MEK Iran: Prosecute Perpetrators of the1988
Hamid Noury, a prison guard promoted to “assistant public prosecutor” in political prisons who served as an interrogator, henchman, and executioner in some of Iran’s most notorious and terrifying prisons, inadvertently verified many truths in his trial for crimes against humanity during three days of testimony in a Stockholm courtroom that began on November 23, 2021.
Since August, about 20 former political prisoners have testified about his direct role in the 1988 massacre, and hundreds more have attended rallies and conferences timed to coincide with each trial session.
Although Noury has stated that he is not guilty, the subtext of his words in court might easily be seen as a tacit admission of guilt. The former officer at Gohardasht Jail tried everything he could to deny that the prison existed, that he was on duty at the time in issue, and that executions were carried out on the scale claimed. In light of the overwhelming evidence, none of these allegations can be regarded seriously.
Noury said, on his return to Iran he will be jailed
Noury’s “testimony,” which he delivered without remorse, was largely comprised of malicious attacks against the People’s Mojahedin of Iran (PMOI / MEK Iran). Noury rehashed a litany of bogus accusations leveled against the MEK over the years by a slew of paid-for operatives of the dictatorship for which he serves.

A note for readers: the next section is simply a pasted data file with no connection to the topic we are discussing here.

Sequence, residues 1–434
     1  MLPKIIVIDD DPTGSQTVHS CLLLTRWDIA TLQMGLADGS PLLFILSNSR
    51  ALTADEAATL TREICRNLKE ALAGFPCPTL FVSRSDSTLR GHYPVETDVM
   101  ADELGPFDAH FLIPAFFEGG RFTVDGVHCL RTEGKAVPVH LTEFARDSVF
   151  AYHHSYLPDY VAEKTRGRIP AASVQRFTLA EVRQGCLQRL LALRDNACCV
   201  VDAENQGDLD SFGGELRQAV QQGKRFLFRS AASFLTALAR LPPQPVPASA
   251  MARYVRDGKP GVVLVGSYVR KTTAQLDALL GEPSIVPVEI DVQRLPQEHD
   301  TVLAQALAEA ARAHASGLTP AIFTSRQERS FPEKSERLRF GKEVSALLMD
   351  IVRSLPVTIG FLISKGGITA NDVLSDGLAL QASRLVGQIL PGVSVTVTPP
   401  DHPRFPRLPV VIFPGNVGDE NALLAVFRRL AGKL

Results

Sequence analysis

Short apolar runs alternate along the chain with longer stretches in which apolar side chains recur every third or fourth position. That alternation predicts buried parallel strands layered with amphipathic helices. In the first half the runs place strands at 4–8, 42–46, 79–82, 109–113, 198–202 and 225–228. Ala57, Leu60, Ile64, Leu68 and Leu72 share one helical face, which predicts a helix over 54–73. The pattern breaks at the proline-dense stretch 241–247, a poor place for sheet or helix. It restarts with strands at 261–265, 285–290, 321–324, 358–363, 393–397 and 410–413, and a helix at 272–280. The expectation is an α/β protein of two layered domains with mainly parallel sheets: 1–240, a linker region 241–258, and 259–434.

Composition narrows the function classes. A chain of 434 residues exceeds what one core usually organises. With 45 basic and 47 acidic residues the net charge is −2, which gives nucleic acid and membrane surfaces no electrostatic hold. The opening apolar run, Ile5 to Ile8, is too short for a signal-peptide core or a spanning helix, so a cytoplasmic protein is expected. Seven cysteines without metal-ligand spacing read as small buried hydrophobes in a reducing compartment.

The similarities between Noury’s lies and these assertions reinforce that the Iranian regime’s Ministry of Intelligence and Security (MOIS) and authoritarian propaganda organization are the sources of all these ludicrous claims and lies.
On his return to Iran, Hamid Noury claimed that if he even mentions the PMOI by their official name rather than the pejorative name the regime prefers, he will be jailed. He emphasised that the judiciary and its chief do not play games, and that despite serving the regime for ten years in prison, he would still be in danger.
30,000 political prisoners were executed in three months
He was unintentionally testifying to the MEK’s underlying support in Iranian society, as well as the paranoia and dread it causes among Iran’s murderous rulers.
On Ruhollah Khomeini’s order to “annihilate the enemies of Islam immediately,” around 30,000 political prisoners were executed over the course of about three months. Although at least one witness to the massacre made a statement during the Noury trial that claimed the true death toll might be substantially higher, that number is not seriously contested.
Sweden is the only country that has responded to those calls in any substantial sense thus far. However, the Noury trial should pave the way for long-overdue investigations and international prosecutions of higher-ranking massacre perpetrators. Ebrahim Raisi, the regime’s president, is one of the most prime suspects of such a prosecution.
When Noury presented his own argument this week, he brought Raisi into the discussion. He was most likely motivated by the fact that several witnesses mentioned Raisi’s involvement as a member of the Tehran death committee, and Noury was described as carrying out the commission’s orders. Raisi has never disputed his involvement in the massacre, but he has openly endorsed Khomeini’s order that MEK members be executed and tortured inhumanely.
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